Binger Theatre

224 W. Main Street,
Binger, OK 73009

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Additional Info

Previous Names: Binger Opera House, Binger Theatre, Ranora Theatre, Amusu Theatre

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Binger Theatre

The Binger opera House was opened in 1906. On February 3, 1920 it was renamed Binger Theatre, screening Eric von Stroheim’s “Blind Husband”. On May 5, 1925 it was renamed Ranora Theatre. On October 7, 1927 it was renamed Amusu Theatre. In the early-1930’s it returned to the Binger Theatre name. it was operating as the Binger Theatre. It was destroyed by fire in January 1947. A new theatre was built on the site, which opened as the Caddo Theatre. A United States Post Office now stands on the site.

(Binger, OK, is hometown to famed baseball player Johnny Bench.)

Contributed by Cactus Jack

Recent comments (view all 2 comments)

Lauren Durbin
Lauren Durbin on July 2, 2011 at 1:45 pm

Visited here today and was able to locate a building that was obviously a theater. The business on the left is 208 W. Main and the building on the right is 214 W. Main., so that it would have to be 210 or 212 W. Main Street. The building has wood paneling covering the original facade. The ticket booth has been removed, but you can still see its outline on the concrete. It appears as though it probably had a red/white tile design on the lower half of the building.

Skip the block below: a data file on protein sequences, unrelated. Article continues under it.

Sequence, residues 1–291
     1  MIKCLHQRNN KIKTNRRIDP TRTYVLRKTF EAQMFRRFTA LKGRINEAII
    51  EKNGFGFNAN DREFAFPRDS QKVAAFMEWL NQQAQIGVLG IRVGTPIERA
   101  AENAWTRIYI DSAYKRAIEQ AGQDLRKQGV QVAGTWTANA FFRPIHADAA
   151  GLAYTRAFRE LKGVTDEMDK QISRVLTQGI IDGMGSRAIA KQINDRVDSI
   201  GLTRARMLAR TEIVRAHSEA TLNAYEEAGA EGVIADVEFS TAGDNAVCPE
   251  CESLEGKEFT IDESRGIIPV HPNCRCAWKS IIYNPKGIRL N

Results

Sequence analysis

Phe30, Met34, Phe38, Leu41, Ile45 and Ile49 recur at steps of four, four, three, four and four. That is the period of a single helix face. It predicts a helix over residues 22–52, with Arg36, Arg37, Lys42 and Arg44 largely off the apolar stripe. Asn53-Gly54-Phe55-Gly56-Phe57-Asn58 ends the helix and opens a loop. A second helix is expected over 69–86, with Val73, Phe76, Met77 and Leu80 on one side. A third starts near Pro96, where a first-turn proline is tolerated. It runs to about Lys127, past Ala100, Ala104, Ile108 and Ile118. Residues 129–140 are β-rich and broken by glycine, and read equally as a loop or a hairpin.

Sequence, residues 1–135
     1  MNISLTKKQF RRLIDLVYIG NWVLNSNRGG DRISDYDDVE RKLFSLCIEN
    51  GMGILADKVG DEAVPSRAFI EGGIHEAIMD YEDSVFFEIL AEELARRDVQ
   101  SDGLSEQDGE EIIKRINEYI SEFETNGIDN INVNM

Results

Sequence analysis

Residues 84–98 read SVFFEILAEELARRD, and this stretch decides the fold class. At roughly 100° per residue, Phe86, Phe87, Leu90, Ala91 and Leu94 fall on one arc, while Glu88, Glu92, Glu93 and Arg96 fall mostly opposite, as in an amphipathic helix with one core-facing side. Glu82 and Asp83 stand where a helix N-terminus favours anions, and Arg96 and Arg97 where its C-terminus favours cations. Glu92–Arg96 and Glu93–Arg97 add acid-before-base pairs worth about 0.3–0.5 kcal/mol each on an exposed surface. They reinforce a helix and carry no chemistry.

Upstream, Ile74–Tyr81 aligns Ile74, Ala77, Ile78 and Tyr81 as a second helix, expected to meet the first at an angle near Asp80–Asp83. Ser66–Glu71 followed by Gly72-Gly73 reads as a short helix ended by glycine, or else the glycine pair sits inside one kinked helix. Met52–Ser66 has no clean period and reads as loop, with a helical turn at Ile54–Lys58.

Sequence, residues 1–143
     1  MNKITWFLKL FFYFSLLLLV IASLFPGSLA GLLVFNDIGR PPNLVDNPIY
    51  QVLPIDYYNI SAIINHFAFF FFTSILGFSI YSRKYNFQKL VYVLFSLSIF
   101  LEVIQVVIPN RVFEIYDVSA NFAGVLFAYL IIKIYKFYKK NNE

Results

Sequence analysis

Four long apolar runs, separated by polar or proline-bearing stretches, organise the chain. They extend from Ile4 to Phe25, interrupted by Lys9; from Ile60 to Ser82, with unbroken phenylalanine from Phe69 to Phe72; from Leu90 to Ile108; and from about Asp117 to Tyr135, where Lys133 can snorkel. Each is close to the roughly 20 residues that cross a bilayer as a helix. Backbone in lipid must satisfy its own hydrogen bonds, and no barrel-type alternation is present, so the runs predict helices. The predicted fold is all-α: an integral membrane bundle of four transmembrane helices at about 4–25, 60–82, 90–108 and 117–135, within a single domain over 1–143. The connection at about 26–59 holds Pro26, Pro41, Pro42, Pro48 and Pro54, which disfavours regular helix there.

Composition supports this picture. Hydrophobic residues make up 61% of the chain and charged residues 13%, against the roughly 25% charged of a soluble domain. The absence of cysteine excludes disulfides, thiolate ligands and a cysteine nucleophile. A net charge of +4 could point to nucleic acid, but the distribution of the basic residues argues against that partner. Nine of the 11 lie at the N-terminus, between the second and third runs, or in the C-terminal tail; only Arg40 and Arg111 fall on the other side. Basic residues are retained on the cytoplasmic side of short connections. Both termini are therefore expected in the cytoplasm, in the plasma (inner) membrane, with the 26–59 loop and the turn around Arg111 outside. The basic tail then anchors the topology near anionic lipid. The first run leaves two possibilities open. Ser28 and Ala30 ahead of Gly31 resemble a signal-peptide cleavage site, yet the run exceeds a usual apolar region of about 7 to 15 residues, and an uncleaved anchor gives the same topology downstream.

dallasmovietheaters on August 19, 2021 at 7:44 pm

The Binger Opera House was built by operators Frank Marvel and Reinhart Lossan. It launched in 1906 with live events. It experimented with movies and on February 3, 1920 its name was changed to the Binger Theatre going with full-time movies and Erich von Stroheim’s “Blind Husband.”

New operators took on the venue changing its name to Ranora Theatre on May 5, 1925 with Mrs. Wallace Reid in “Human Wreckage.” It appears to have ceased operations following the September 29, 1927 screenings of “Pigs.” R.C. Rosser then sold the Ranora to Mr. R.V. Meecham. He took over and changed the name to the Amusu Theatre beginning with the October 7, 1927 showings of Milton Sills in “Men of Steel.”

The Amusu made the transition to sound to remain viable when it installed Movietone sound to play “King of Kings” on December 9, 1929. Meecham sold the venue to Mr. and Mrs. H.D. Cox in the 1930s and they reverted back to the Binger Theater nameplate.

But in January of 1947, the theatre was destroyed by fire despite the news story that stated “all of Binger’s 800 citizens fought side-by-side with firemen to extinguish a recent blaze which razed two buildings on Main Street and threatened the entire town. The Binger Theater was destroyed in the fire.”

Operators Mr. and Mrs. H. D. Cox would build a new theatre that was going to be the New Binger Theatre at least in concept stages. However, when the new theatre launched, it was called the Caddo Theatre. The Caddo opened on October 6, 1946 with “The Big Sleep.”

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